How to start writing your essay, or I don’t know what to write about! May 3, 2021 13:09

Summary: Make a list of ten or twenty possible topics. Rank them. Ask your family and friends for what they think you should write. Then, ask family and friends which ones they like.

In this article, I'm going to answer one of the most common questions I get: How do I start my personal statement?

First, this article covers the brainstorming aspect of coming up with content for your essay. If you're wondering how to actually write your first paragraph, please check back for an article on that (which I'm still working on).

Handwriting in notebook
Photographer: Annie Spratt | Source: Unsplash

Pro-tip: Keep a master document where you will write your essays. Give it a meaningful title like UC application or Yale short-answer questions. PLEASE AVOID titles like Untitled or My Essays! (You’ll never find them again when you need them.)

If you’re feeling confused about writing your college admissions essay, I’m going to guess that you are feeling two challenges: First, you’re not sure how to start. Second, you feel that you don’t have all that much to write about. These are very common sentiments, especially if you haven’t applied for something before, such as a scholarship or admission to high school.

Let’s tackle the first challenge I mentioned first—how to start planning your essay. (If you’re wondering about how to actually write the first paragraph of your essay, I will post that in the future.)

For this article, let’s assume that the college that you’re applying to is asking you to write about overcoming hardship. It could be any topic, though—academic interests, future goals, academic preparation, etc., but since adversity is commonly written about in applications essays, it’s as good a topic to write about as any other.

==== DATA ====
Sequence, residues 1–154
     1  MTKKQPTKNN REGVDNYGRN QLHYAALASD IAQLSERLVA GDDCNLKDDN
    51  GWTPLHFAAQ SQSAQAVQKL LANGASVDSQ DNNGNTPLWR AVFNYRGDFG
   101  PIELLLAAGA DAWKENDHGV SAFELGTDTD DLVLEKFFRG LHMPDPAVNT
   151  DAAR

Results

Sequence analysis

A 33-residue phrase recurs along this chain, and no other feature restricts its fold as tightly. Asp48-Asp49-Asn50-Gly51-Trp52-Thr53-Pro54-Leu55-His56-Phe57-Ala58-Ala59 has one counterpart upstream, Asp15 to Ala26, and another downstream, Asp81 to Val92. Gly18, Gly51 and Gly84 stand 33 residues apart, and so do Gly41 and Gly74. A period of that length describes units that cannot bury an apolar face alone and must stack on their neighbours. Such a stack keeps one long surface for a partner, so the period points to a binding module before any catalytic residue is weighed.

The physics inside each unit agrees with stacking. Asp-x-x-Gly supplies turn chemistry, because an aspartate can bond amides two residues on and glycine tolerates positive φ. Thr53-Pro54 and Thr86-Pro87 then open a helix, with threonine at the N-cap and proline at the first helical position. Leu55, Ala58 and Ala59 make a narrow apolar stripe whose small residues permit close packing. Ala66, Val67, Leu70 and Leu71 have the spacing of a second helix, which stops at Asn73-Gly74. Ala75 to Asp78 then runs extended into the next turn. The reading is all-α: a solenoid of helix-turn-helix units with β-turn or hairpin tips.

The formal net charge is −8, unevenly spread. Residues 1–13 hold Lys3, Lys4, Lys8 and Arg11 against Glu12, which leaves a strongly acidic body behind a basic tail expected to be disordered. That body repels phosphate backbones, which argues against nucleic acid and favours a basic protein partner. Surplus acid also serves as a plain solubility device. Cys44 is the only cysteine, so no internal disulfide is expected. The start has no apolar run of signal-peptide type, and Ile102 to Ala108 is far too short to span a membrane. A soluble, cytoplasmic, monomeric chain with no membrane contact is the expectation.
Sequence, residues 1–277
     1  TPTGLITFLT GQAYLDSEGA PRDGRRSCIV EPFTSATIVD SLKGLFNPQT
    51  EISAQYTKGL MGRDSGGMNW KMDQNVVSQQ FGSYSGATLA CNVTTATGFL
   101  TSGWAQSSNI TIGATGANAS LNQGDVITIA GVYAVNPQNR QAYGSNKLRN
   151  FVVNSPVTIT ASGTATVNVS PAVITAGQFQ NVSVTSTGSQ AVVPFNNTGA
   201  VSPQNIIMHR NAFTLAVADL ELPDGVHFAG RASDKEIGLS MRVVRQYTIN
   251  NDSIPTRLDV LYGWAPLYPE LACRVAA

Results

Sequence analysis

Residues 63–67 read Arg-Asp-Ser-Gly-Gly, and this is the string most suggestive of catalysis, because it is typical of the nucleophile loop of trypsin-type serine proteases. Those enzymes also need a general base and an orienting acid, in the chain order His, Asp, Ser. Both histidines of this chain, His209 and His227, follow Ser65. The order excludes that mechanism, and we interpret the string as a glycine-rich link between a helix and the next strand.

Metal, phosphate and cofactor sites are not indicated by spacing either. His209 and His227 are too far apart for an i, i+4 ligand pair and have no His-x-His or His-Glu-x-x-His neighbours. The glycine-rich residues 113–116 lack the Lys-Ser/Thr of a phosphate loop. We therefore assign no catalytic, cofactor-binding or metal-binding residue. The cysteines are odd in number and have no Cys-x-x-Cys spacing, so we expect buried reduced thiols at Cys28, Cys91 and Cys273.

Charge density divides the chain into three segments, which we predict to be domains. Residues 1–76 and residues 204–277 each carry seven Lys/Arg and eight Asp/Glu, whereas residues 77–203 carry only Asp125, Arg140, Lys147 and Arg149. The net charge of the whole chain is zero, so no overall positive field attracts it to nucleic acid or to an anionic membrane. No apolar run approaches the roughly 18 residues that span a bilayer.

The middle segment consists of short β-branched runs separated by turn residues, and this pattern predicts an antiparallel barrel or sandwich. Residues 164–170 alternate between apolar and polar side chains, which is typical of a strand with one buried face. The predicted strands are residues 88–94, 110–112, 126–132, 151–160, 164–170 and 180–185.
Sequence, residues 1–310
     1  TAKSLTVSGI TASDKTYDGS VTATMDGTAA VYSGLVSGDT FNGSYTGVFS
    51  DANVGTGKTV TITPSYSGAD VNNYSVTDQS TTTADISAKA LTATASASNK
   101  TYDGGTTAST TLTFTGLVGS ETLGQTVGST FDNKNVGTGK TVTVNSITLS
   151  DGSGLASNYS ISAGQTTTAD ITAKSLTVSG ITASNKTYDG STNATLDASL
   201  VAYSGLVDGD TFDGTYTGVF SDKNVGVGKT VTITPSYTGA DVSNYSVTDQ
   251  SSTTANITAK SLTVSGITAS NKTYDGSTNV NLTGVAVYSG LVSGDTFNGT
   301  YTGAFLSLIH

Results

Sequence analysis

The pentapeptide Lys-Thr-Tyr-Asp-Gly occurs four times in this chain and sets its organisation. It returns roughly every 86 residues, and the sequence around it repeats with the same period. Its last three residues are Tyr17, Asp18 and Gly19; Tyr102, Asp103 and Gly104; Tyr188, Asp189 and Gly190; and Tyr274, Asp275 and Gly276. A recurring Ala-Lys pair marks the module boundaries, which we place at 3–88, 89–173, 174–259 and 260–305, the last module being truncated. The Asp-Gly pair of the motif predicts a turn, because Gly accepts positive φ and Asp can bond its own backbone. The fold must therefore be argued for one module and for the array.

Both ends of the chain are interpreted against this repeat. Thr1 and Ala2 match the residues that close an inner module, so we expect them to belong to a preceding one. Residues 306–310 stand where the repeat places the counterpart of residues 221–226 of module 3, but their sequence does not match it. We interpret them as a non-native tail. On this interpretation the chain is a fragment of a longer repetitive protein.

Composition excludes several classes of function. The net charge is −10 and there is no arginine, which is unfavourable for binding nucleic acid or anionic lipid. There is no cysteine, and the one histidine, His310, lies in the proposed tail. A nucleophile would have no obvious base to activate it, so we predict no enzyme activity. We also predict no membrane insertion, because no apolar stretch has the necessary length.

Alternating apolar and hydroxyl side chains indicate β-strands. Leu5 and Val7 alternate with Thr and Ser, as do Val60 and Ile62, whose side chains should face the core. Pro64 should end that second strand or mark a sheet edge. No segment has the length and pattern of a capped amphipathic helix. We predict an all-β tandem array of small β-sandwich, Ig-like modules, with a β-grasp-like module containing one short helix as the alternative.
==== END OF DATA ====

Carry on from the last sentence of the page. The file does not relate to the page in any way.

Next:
Keep a positive attitude while writing your personal statements

So, my first advice is this—try to think about yourself positively. Think about all your great qualities. Yes, I know it can be hard to think of them, but I’m sure you have some! (It’s important to keep this mindset during the whole process.) You are a good person, have good qualities, and will make next year’s freshperson class even better.

Brainstorm ideas for topics to write about

Your next step is to brainstorm, to come up with a lot of possible topics, ie, hardships that you’ve overcome. This could be anything from struggling in a history class to working a part-time job while you were in high school (my particular situation growing up).

Because you’re brainstorming, you will want to come up with any ol’ thing that could fit, because you never know what will work. So your list might look something like this. (And in case it wasn’t clear, the following list consists of ideas only, most of which you would reject.)

Some examples

Here goes, and yes, I will take this chance to inject some humor:

  • Struggling to pick up a pencil, only to discover that my nephew had pranked me by gluing it to the table. (Nope, even if it was hard!)
  • Helping a friend through depression. (Probably not, since this would show one of your qualities, not your hardship per se, and it could appear that helping other people was a hardship to you.)